The US consumer prices rose by 2.1% yoy in January, keeping their level in December, but the increase was above market expectations for growth of 1.9%. The calming of fuel and electricity prices was offset by higher food and medical services. The monthly inflation rises to 0.5% according to seasonally adjusted data.
An annual rise in energy prices was recorded at a slower rate of 5.5% against 6.9% in December. The gasoline is up 8.5% yoy against 10.7% at the end of last year. The Americans had higher electricity costs (2.4%), transport services (4%), medical services (2%) and food (2%) in January. At the same time, prices were lower for garments, as well as new and used cars.
Excluding food and energy prices, the annual US inflation is 1.8%, which is also above the analysts expectations for 1.7%.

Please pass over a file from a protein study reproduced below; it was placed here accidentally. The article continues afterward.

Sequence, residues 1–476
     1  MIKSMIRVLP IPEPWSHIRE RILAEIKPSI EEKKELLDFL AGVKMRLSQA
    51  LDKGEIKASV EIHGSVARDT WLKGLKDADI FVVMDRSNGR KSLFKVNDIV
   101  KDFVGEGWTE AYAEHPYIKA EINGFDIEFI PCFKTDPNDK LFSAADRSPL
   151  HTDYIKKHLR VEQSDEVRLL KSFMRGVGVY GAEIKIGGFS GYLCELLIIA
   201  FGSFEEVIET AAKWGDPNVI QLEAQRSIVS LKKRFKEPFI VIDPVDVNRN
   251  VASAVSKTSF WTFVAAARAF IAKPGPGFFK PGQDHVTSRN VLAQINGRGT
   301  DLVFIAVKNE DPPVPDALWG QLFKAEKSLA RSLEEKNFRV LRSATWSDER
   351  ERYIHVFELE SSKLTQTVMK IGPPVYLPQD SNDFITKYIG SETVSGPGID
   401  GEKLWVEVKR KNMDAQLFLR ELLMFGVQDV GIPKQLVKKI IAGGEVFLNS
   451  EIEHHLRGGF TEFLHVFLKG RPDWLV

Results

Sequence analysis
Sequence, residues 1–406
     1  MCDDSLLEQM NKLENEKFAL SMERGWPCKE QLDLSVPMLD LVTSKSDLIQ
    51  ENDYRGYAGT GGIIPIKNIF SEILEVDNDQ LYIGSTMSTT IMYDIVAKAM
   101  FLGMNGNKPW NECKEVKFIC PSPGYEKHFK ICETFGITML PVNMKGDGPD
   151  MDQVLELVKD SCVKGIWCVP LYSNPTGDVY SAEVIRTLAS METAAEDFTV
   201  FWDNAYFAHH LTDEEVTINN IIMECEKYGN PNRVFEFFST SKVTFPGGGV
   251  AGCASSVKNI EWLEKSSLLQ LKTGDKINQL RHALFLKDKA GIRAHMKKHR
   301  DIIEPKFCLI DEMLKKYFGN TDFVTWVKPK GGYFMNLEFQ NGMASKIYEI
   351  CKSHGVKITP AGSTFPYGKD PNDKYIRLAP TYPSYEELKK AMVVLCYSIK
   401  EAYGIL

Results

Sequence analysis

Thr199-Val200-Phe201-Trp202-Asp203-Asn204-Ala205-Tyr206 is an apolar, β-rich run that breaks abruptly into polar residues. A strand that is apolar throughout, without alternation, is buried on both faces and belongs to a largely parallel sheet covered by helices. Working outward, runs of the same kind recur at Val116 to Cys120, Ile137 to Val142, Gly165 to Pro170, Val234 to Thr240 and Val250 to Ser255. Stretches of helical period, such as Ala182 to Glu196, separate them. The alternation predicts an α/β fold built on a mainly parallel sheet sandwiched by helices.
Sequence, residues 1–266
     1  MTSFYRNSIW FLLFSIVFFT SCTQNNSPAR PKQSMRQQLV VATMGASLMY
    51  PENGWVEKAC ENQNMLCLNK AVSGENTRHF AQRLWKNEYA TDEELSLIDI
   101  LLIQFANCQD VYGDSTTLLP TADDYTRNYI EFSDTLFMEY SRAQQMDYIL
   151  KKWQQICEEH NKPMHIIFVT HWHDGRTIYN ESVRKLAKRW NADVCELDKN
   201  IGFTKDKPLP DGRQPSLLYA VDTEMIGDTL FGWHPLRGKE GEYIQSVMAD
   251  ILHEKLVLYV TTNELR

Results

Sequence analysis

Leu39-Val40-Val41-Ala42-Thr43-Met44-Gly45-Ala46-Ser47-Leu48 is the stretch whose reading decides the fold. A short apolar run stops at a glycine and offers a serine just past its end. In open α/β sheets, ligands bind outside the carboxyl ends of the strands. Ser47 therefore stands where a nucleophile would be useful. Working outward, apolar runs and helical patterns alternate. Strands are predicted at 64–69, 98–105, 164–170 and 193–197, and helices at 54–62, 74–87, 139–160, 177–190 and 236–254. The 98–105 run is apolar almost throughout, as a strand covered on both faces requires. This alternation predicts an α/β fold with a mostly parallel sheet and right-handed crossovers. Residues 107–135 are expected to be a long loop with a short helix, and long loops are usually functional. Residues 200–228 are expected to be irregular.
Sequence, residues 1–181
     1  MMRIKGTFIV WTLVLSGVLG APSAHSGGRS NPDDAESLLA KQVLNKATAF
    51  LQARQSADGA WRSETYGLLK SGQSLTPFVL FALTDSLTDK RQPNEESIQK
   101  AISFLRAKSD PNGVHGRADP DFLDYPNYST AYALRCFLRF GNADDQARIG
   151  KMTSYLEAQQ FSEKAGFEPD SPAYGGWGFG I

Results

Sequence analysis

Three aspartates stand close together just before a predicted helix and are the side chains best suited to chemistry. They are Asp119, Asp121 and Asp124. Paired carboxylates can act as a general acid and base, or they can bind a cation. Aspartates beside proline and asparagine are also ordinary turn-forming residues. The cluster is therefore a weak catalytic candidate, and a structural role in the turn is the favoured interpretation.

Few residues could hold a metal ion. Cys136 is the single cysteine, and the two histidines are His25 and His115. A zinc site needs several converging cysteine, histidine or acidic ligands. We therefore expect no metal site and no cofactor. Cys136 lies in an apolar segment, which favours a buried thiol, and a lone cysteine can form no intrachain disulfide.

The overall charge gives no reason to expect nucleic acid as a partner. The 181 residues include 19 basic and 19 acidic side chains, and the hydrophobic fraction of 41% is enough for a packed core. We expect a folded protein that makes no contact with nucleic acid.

On a monthly basis, the consumer price index rose by 0.5%, compared to growth of 0.2% in December. For comparison, expectations were for 0.3%.
After the announcement, the 10-year US government bond yield rose from 2.82% to 2.87% in just a few minutes. January’s inflation data is from great importance in the markets as recent US employment data literally sharpened stock markets because of fears of the Federal Reserve’s faster-than-expected rise in US interest rates. In this situation, the Fed is likely to meet its interest rate plan in March.
Although the news is disappointing for investors, rising inflation is a good sign of the US economy as the figures reflect wage increases in the country and higher household consumption.
A separate report makes it clear that retail sales in the US unexpectedly fell in January, and December data was revised downwards, indicating that consumer spending was weaker in the first quarter. The retail sales in the United States in January shrank by 0.3% on a monthly basis.